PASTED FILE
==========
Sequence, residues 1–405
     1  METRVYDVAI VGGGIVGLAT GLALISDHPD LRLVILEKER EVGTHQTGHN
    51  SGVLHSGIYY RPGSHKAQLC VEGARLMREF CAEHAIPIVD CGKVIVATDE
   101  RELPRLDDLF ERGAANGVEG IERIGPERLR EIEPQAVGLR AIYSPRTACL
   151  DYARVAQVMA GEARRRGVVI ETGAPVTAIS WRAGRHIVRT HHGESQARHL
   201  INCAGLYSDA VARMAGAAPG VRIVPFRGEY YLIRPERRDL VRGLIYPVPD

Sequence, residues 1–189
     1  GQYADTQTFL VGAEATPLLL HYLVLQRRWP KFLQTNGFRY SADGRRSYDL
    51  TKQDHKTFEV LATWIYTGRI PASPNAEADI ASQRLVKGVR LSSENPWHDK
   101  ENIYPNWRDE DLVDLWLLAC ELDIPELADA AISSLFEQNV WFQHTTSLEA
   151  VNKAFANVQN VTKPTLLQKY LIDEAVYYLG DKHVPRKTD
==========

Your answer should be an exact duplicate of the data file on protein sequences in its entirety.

Sequence, residues 1–405
     1  METRVYDVAI VGGGIVGLAT GLALISDHPD LRLVILEKER EVGTHQTGHN
    51  SGVLHSGIYY RPGSHKAQLC VEGARLMREF CAEHAIPIVD CGKVIVATDE
   101  RELPRLDDLF ERGAANGVEG IERIGPERLR EIEPQAVGLR AIYSPRTACL
   151  DYARVAQVMA GEARRRGVVI ETGAPVTAIS WRAGRHIVRT HHGESQARHL
   201  INCAGLYSDA VARMAGAAPG VRIVPFRGEY YLIRPERRDL VRGLIYPVPD

Sequence, residues 1–189
     1  GQYADTQTFL VGAEATPLLL HYLVLQRRWP KFLQTNGFRY SADGRRSYDL
    51  TKQDHKTFEV LATWIYTGRI PASPNAEADI ASQRLVKGVR LSSENPWHDK
   101  ENIYPNWRDE DLVDLWLLAC ELDIPELADA AISSLFEQNV WFQHTTSLEA
   151  VNKAFANVQN VTKPTLLQKY LIDEAVYYLG DKHVPRKTD